Sunday, August 19, 2007

Public Storage Property A Public Nuisance

By Lorraine Swanson
Pioneer Press News-Star

Uptown residents met in a drizzling rain last week to address long-standing problems stemming from the Public Storage property at 4012 N. Broadway.
In the past years, the public drinking and other illegal activities have taken a toll on area businesses and forced children to walk different routes to school to avoid the troublesome block.
With only a sidewalk separating them, members of the U-Haul Task Force and a business liaison officer from the 23rd Police District met on Aug. 8 with a group of men who hang out on the sidewalk across the street from the U-Haul rental facility looking to hustle extra money by helping people renting trailers and trucks move.
Residents who live near the Public Storage property have complained that some who congregate on the sidewalk drink, fight, sell drugs and harass passersby by aggressively panhandling or making rude comments.
While the residents have made some progress through CAPS Beat 2322 by forming a task group to address the problem, roadblocks still remain.
"In all the time I've lived here, community expectations have changed. Maybe hanging out on the street corner drinking was okay 15 years ago, but now I come through here with my kids," said David Andes, chair of the CAPS Beat 2322 U-Haul Task Force. "I have to follow the law. Why shouldn't they?"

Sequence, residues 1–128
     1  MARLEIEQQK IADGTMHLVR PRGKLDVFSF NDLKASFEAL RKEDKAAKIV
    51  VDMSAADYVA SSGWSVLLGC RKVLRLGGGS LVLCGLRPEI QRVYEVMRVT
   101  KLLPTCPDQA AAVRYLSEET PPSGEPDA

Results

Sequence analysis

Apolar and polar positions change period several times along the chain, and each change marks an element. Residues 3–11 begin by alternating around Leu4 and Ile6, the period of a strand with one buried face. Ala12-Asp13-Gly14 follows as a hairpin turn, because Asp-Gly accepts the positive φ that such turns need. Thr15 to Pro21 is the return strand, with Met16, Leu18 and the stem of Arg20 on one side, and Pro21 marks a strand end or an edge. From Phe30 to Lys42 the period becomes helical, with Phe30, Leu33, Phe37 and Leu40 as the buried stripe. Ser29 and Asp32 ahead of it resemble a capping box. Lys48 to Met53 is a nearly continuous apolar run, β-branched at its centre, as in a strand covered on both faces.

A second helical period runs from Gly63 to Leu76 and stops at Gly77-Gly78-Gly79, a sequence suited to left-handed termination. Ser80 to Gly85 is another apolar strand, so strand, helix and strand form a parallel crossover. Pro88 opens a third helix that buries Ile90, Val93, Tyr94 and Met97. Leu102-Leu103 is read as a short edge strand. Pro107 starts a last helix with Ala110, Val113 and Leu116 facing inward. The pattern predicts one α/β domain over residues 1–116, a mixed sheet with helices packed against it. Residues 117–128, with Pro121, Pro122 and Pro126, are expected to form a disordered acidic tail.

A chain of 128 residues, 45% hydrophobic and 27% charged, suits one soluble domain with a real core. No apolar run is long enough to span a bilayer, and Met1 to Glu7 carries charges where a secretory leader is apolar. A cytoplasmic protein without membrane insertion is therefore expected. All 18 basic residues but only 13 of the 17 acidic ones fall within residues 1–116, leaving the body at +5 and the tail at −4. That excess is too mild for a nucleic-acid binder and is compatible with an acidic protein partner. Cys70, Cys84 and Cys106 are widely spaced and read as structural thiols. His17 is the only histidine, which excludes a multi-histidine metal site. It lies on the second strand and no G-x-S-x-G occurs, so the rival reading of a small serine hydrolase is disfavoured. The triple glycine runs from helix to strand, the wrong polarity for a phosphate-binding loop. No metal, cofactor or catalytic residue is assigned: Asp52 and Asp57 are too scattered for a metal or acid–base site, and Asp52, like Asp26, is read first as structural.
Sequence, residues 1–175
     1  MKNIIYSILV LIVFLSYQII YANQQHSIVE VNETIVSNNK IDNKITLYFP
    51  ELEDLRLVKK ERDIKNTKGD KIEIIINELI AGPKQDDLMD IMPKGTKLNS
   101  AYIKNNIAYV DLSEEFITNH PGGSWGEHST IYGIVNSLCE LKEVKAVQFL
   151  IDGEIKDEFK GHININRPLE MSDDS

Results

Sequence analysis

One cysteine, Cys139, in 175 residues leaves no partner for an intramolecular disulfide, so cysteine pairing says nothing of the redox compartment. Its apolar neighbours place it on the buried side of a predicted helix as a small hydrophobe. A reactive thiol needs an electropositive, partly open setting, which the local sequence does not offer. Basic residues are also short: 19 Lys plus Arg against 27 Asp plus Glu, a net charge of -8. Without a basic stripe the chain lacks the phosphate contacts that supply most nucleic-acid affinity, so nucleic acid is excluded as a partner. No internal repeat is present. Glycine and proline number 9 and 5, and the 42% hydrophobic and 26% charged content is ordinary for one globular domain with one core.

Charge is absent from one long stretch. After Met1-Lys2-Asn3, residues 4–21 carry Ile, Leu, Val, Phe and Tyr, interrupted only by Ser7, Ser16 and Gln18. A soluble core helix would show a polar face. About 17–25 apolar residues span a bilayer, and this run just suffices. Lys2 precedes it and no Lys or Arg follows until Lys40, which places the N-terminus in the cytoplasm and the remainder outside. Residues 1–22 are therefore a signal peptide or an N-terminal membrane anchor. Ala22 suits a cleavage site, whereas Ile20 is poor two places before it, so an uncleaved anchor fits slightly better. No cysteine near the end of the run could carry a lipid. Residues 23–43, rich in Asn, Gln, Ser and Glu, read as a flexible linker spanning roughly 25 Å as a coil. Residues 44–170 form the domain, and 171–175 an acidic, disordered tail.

In April, members of the Buena Park Neighbors Block Club and CAPS participants sent a letter to Vance Henry, director of the Chicago Police Department's CAPS Program, expressing their "grave concerns" about the incidences of crime that have occurred on the Public Storage property.
According to information provided by the 23rd District Court Advocacy subcommittee, some of those crimes have ranged from robberies at nearby businesses and criminal trespass to vehicles, to narcotics sales and battery, allegedly committed by individuals who are regulars in front of the Public Storage facility.
"It's not illegal to stand and hang out on the sidewalk, but it is illegal to drink and harass people, to solicit and damage public property," 23rd District Officer Carrie Von Sagun said.
Some of the men confronted by neighbors who turned out for the meeting said that although they are homeless, they grew up in Uptown and that newer residents snatching up rehabs or condos want them out of the neighborhood.
"I've lived in Uptown since 1963. Some days I can $200 helping people move. We're out here trying to make a living," said Eugene Jones. "I live in this neighborhood but I'm not part of the 'we.'"

1 comment:

  1. I agree. I avoid this block on my walk home because of the sometimes 6 or more gentleman standing in the middle of the sidewalk. I've lived in a lot of different big cities, and I just don't understand why they can't be forbidden from loitering.